Many elements of globalization have an overall positive impact on our world economy. Though some positive aspects may take time, there are still several aspects of globalization that impact the world economy in a negative way. Now that we have explored that positive aspects in the previous paper. It is important to now reflect on some negative realms of globalization. Again, globalization refers to the trend towards a more integrated and interdependent world economy. Within that brief definition, we also breakdown globalization in how it comes into play in terms of the globalization of markets, production, and global institutions as well as the specific drivers of globalization. From local business to foreign business coming into our markets, globalization is changing the way we see and operate in the world. In this, we begin to see several drawbacks that are economic, global, and political.
The first negative impact of globalization that is important to talk about is how the labor force has shifted. This is a negative economic effect that can be seen in both countries as a whole, as well as certain sectors of an economy. Developed countries are now outsourcing to other countries, which in turn hurts their home labor force. This is an inequality among countries. For example, beginning in the 1990’s many firms from the developed world began to move production overseas. This was great for emerging economies like China who because of this started to converge with those of the developed world and overall growing economically. However, this resulted in manufacturing firms outsourcing most of their production. Real wages for unskilled labor fell within these developed countries. This demonstrates why many old industrial countries and cities in both Europe and North America are now struggling to stabilize the economy and related the rising number of jobless people. This process has led to a transfer of jobs from developed, and highly-successful countries to those that are less developed. This is because less developed countries that have lower wages overall, inexpensive coal, and little to no regulations when it comes to pollution. Leaving most developed countries unable to possibly compete. Just in the US, the percentage of employed citizens has drastically dropped, especially since China joined the World Trade Organization. However, the globalization negative effects can be seen all around the world, not just in the USA. So many countries are hiring help off shore due to employees who are willing to do the same job, at lower prices, which actually influences the economy of a country in a negative way, all because of globalization. This negative shift has a lot to do with one of the major driving factors of globalization; Declining Trade & Investment Barriers. So, though we produce more goods and services than ever before, a greater proportion is being traded and manufactured across national borders. The textbook also covers this important topic, and is often times a topic that gets lots of attention from globalization opponents. They argue that because many barriers are being lifted to encourage international trade, it has in turn destroyed manufacturing jobs in more developed countries like the United States. One of the examples given in chapter 1 that I think perfectly encompasses this argument is the case of Harwood Industries. Harwood Industries was a U.S. clothing manufacturer who moved their U.S. manufacturing to Honduras. The main reason behind this change was because in the U.S. they were paying workers $9 an hour, where in Honduras they could get the same skill level and manufacturing ability for $0.49 per hour. It was two journalists, and anti-globalization activists, D.L. Bartlett and J.B. Steele who used this case to support their thoughts. It is shifts like this that have caused developed countries to have depressed wages. When in all reality because of globalization, countries are no longer thinking about their own residents and local economy, but this idea of an overall communal economy.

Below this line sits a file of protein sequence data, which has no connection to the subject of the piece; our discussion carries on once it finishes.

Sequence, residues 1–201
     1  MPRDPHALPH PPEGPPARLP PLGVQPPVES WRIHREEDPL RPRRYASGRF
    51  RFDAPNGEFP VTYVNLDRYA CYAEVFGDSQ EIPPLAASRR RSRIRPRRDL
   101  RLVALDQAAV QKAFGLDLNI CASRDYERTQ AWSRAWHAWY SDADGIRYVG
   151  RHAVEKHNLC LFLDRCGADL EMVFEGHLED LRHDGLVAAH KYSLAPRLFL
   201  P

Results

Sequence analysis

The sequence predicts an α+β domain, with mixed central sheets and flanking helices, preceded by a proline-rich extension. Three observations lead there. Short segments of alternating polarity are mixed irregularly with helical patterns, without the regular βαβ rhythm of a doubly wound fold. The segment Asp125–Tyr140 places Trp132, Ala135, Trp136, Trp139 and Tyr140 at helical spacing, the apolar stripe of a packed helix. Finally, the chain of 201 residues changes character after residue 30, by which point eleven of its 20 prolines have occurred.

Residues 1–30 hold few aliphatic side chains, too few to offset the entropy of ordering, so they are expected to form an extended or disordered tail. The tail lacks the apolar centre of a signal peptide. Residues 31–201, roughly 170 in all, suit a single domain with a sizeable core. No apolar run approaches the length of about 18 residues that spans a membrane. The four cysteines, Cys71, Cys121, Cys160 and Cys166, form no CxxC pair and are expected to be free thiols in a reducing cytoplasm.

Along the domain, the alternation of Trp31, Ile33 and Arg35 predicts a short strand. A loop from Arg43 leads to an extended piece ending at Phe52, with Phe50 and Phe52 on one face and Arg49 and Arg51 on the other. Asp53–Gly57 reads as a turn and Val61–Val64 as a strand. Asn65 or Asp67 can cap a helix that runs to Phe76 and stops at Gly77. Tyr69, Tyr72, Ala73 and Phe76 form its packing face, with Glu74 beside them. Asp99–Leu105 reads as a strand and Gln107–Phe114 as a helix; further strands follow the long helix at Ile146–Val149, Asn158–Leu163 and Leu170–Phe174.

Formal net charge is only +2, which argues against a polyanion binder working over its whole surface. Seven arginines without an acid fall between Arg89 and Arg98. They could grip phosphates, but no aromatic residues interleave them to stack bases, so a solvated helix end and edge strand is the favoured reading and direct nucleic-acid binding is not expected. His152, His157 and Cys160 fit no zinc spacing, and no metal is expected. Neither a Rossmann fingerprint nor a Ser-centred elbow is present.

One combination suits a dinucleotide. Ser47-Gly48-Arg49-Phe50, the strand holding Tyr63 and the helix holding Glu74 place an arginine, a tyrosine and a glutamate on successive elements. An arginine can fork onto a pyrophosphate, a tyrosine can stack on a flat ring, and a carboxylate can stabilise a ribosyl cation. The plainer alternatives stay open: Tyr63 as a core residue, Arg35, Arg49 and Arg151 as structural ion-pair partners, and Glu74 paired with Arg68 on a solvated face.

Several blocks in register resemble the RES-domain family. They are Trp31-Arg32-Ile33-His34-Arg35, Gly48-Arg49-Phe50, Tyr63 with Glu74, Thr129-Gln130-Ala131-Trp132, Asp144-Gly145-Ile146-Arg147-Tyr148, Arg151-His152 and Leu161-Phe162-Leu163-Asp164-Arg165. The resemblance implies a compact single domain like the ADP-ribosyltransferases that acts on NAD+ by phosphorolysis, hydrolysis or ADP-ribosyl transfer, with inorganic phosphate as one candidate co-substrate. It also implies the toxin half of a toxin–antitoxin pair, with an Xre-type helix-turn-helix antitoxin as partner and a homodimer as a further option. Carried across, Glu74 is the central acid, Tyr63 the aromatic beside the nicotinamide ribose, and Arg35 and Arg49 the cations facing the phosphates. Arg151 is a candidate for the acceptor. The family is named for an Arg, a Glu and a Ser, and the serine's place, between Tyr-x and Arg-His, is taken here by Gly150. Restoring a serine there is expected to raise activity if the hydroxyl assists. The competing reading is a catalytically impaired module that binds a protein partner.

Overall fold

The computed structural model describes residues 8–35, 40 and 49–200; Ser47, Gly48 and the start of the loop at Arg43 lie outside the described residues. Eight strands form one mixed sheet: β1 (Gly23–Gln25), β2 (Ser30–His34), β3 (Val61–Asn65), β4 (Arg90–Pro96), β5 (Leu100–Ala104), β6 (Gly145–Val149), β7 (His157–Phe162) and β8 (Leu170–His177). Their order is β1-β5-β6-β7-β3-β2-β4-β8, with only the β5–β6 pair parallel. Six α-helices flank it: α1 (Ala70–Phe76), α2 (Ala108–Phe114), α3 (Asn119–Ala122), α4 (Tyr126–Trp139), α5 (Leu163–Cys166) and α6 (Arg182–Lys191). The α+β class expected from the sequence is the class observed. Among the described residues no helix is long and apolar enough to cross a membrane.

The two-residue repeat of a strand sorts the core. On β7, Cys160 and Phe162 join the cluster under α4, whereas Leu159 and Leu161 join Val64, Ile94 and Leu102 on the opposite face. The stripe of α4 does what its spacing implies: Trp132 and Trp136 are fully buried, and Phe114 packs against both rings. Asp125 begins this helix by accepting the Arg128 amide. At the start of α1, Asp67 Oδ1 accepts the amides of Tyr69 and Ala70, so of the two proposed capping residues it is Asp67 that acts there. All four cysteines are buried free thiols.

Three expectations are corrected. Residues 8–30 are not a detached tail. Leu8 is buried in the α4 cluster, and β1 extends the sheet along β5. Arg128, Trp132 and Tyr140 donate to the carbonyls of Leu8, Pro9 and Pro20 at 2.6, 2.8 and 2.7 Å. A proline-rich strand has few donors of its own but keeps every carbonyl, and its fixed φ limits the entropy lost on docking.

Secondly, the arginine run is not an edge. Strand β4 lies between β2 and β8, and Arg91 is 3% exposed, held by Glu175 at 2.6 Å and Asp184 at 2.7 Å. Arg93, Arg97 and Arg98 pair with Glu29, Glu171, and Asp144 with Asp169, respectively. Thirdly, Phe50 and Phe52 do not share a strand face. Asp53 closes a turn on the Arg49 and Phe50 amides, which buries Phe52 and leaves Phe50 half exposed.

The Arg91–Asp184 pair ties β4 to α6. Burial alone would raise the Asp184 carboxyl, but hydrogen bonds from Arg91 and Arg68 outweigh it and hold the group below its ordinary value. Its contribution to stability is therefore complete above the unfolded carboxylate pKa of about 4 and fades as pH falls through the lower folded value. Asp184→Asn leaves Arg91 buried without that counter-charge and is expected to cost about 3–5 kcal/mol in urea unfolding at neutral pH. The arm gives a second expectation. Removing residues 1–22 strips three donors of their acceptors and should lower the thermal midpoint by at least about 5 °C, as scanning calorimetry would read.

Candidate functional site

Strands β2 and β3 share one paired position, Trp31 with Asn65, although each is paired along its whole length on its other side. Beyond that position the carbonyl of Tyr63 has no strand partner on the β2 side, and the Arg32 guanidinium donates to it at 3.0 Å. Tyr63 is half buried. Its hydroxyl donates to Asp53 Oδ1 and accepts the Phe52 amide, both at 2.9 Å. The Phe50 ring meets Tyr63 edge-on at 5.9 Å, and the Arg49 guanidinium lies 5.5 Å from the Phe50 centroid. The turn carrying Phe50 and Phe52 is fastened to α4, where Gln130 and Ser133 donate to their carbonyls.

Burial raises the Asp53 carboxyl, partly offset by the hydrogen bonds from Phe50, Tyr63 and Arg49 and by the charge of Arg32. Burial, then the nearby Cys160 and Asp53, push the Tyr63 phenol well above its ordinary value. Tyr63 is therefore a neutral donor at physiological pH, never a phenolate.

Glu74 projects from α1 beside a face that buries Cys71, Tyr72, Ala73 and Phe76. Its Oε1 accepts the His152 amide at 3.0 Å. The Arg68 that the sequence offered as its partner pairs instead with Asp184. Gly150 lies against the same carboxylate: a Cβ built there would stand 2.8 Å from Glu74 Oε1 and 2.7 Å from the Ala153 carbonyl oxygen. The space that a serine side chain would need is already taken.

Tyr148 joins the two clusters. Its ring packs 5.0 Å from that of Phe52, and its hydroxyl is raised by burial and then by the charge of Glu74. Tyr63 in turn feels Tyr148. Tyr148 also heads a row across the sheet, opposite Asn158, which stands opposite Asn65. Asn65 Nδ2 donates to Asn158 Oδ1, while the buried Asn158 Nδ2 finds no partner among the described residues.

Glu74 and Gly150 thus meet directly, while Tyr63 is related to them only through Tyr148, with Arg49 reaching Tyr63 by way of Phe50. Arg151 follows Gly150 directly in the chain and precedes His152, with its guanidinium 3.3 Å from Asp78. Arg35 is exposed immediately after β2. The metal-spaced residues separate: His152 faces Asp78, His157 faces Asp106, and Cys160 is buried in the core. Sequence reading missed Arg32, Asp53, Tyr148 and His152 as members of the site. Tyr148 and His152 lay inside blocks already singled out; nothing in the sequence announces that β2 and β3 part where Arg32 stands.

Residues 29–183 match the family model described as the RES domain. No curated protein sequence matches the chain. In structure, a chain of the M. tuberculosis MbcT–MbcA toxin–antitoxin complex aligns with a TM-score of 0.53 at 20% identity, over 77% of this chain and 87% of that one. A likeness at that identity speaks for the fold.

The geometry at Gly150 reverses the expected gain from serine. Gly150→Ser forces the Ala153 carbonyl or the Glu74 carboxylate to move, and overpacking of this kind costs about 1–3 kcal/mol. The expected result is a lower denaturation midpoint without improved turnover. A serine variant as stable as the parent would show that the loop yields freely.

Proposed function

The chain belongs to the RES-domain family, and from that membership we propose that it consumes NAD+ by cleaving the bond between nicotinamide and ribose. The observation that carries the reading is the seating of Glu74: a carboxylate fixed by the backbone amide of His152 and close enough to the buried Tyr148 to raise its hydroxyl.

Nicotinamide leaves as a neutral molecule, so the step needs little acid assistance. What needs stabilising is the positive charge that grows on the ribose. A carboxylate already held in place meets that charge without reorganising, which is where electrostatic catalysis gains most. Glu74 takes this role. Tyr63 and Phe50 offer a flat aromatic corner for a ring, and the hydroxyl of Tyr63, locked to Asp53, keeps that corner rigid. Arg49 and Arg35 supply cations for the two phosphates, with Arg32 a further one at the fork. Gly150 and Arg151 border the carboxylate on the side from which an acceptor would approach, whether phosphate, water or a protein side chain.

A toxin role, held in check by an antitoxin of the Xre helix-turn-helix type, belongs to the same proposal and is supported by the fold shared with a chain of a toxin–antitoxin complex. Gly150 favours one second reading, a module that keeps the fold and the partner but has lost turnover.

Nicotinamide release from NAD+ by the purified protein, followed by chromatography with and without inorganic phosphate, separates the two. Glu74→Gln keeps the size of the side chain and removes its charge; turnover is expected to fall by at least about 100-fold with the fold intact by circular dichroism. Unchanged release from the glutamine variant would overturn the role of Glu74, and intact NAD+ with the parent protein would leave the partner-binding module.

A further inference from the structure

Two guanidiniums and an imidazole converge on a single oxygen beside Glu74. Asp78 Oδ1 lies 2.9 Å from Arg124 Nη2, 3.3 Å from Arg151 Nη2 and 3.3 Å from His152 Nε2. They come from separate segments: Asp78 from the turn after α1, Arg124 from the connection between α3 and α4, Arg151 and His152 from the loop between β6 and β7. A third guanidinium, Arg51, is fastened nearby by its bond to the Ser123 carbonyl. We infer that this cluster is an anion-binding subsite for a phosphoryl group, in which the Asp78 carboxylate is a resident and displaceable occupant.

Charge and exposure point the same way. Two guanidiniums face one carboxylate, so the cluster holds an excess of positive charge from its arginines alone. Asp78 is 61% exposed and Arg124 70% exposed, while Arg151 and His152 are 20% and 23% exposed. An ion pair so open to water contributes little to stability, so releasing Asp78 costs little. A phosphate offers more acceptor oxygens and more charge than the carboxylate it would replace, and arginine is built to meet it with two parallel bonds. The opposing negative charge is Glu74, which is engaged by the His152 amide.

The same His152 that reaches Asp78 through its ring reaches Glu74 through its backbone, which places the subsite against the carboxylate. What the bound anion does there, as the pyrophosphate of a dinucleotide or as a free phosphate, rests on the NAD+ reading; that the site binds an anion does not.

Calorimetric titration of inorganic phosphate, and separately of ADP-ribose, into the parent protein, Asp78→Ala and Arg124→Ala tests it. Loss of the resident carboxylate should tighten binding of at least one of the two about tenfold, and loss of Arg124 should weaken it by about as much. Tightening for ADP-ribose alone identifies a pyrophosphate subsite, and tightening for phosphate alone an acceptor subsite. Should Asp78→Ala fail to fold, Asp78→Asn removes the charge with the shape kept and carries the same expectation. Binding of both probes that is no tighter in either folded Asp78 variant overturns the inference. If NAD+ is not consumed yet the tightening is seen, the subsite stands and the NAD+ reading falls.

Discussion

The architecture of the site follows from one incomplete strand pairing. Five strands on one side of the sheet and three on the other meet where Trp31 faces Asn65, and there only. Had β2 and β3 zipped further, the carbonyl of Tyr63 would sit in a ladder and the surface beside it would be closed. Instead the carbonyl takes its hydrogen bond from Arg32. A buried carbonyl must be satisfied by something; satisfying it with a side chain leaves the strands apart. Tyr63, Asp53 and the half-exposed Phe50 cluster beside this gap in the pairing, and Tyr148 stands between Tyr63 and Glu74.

Another source of concern as far as the negative impact of globalization is how free trade encourages the shift of business to less developed countries who lack adequate regulations. A lot of this concern actually spurs from the manufacturing shift discussed above, and it is how the overall ethical aspects of international business are being ignored. In a lot of ways, globalization has led to exploitation of labor. Many of the countries now being used a manufacturing hubs have little to none international or local regulation laws. This can have a very negative effect on the safety of workers and the environment of a nation if not watched. We cannot deny that cheaper labor costs more often than not translate to immense profits for the organization, that is why it is so appealing to big business. However, there are large negative factors that cause a negative outcome of this. The best example of this would be with Nike. Nike is an American multinational corporation who is the world’s largest supplier of athletic shoes, apparel, and sports equipment. Like many large companies in the 20th century, in 1975 Nike began to move production overseas. The untapped markets across the globe presented several benefits at this time. This seemed to be Nike’s next great idea. Stockholders and managers were receiving large dividends, and consumers were continuing to get the products they love. However, starting in the 90’s, Nike began to receive flack for inhumane working conditions which clearly violated ethical practices, as well as paying their workers way under minimum wage. However, Nike is not the only company that has received criticism for overseas manufacturing. The world got a reminder of this consequence of globalization in April of 2013 when a commercial building, home of several factories, collapsed in Bangladesh. This collapse was later named the deadliest garment-factory accident in history, as well as the deadliest accidental structural failure in modern human history, claiming over 1,100 lives. Companies who sold clothing made in this factory included the Children’s Place, Primark, and Walmart, as well as several others who then sold to bigger brands. After further investigation after the incident, it came out that the building’s owners ignored warnings to avoid using the building after cracks had appeared the day before. Garment workers were ordered to return the following day, and the building collapsed during the morning rush-hour. This incident was a huge wake-up call for the fashion industry of some negative aspects caused by globalization. Many times, factories aren’t checked by companies who use them. The main concern is how cheap they can get their products made. However, in places like Bangladesh these jobs are what really helps their economy move. For example, more than 80% of Bangladesh’s export earnings come from the fashion industry. Karen Webster, who is former director of the Melbourne Fashion Festival, commented on the Savar building collapse and what it means for the fashion industry moving forward. “Every company is reassessing how they get their garments produced – not even just those large-scale chains, even smaller independent businesses. Anyone who’s producing offshore would have to be looking at how their garments are being produced and making sure they are being made in adequate conditions.”